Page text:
In 1986 when Bill was getting a 7% commission and only having to put 10% down, he was able to buy a lot of houses. The same thing happened from 2005-2007 when everybody thought the answer was to buy rentals or flip. Back in 1986, people were buying houses, and money was pretty available. This was what Bill did, and he was very excited about it. He was seeing his net worth go up and was having some positive cash flow off of it. Then, when 1990 hit, he had a negative cash flow, and his houses were down $30,000 a house, he lost about $1 million. Fortunately, he had friends who thought this was still a good time to buy. They went in50% as partners with him to take care of his houses, and this was able to keep him alive. They infused him with some liquidity, which helped with the negative cash flow since now instead of the $300-$400 a month; he was down to $150 a month.

This impresses Bruce because this is creative. Not many people would ask how they would extricate themselves and still have properties. Bill Shipp found a way to do this. He probably found money partners who did not exactly have the same skills and used them. Bill found good things. The people who helped Bill out were his corporate friends, people who were accountants of financial planners who say you should buy real estate now since it is down. It was an easy win-win for them. Bill now had good money behind him. His other option was to walk from them, which a lot of people at that time did. Bill didn’t and was glad because he has a great credit score to this day where he can go out and get financing anytime he wants. If he had let them go, he probably still would have received financing but would have been charged a lot.

Bill did hard money loans when he first started flipping. It was back in 1988 and 1989 when he was into full-time flipping. He paid 13% and 3 to 5 points, maybe even 15%; which is still normal. At the time he thought he was high, but it worked. If you have access to money and the profit is there, then it really doesn’t matter what your interest rate is or your points. It is when you look at it and you’re done with it; if you have made money on it, it’s okay.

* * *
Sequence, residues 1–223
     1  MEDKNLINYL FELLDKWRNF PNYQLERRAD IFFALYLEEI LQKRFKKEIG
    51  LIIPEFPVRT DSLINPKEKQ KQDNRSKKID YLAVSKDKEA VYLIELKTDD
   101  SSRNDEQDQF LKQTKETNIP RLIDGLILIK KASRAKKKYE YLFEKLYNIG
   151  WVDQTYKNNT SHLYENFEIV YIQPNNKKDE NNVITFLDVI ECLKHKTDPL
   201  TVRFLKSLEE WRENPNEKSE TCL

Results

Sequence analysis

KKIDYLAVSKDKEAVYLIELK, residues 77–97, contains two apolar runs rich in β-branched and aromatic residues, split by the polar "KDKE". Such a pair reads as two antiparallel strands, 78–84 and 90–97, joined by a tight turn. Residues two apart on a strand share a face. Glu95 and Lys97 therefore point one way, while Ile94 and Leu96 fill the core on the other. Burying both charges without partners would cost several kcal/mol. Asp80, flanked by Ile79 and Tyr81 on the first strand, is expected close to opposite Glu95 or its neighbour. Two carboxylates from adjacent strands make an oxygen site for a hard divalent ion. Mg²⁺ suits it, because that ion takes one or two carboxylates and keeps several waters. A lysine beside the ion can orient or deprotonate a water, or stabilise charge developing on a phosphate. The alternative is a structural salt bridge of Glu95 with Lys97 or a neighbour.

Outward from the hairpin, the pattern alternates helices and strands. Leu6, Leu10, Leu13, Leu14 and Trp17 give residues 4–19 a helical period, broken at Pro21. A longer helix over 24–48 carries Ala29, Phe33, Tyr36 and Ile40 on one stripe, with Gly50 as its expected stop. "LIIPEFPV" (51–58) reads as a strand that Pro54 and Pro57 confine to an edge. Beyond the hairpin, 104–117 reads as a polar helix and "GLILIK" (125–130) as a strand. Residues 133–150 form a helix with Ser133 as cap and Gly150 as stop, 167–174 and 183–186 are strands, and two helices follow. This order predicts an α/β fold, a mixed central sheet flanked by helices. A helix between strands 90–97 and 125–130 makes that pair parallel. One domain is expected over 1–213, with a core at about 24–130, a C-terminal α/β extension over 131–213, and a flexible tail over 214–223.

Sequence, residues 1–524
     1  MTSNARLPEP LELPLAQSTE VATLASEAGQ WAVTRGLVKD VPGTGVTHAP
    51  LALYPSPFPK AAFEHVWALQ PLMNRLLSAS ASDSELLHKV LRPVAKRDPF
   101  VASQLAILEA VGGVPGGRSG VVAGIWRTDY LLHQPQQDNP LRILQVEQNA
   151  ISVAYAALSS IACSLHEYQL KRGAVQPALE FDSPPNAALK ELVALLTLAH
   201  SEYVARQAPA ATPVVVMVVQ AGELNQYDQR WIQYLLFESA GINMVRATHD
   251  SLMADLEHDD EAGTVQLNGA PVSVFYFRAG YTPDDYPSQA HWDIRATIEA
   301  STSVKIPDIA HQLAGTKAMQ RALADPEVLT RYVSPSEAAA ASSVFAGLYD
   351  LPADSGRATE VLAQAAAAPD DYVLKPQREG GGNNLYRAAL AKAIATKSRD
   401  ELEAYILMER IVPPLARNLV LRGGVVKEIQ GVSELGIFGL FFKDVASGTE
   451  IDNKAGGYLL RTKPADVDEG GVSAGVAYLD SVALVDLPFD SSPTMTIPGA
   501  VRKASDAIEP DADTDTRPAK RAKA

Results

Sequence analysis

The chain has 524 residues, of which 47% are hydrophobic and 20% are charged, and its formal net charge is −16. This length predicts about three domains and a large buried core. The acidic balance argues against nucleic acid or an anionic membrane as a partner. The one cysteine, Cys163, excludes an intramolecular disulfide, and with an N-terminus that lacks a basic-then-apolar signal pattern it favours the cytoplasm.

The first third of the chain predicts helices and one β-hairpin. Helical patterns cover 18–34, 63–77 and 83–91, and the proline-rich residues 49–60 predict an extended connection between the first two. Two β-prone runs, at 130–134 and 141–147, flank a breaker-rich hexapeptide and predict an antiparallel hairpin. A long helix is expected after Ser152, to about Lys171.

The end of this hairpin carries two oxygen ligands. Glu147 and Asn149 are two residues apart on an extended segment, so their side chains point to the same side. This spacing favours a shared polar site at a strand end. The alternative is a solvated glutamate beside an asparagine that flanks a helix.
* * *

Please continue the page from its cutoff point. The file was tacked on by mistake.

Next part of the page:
When he started in 1986, the name Bill Shipp was not the household name that it is now. When he first started in real estate, he went to work for an office in Riverside since this was where the houses were. At the time he was living down in Newport Beach and commuting out to Riverside. He thought he needed to move to Riverside, which he did. He started in real estate by selling to investors. He sold houses to some of his corporate friends, who were buy and hold people rather than buy and sell. He had flipped a couple houses before; then he saw the money they were making and said he was not going to work with clients anymore and started buying full-time for himself. His name got out when he was in Riverside as an agent. He was buying the HUD and VA repose as well as talked to different agents. He started talking to the agents who if they found something, he would buy from them and let them represent him. This was where he started. He started really promoting himself by actually going into real estate offices and giving talks to them.

Bruce said he remembered sending a flyer back in the ‘90s when he was buying a fair amount of properties; he had calculated how much agents had made on commission. It was not an organized plot, but rather had just happened. He decided he needed to do the same kind of thing and sent out a flyer which said how much realtors had made the previous year, and it was ridiculous. It was around $300,000 on his transactions, and he wanted to do more of this. Therefore, 1200 of these flyers went into everybody’s slot. He got no phone calls from any of this. What was interesting about all this was this was not necessarily where realtors were excited to go with their time to work with investors. This may have been because they had an experience with a particular investor who did not do what they said they were going to do. Or the managers of the offices said they should not work with investors. When Bill was an agent, his whole career was only with investors. He never worked with a homeowner. How you get started sometimes really colors what you think is wise to do.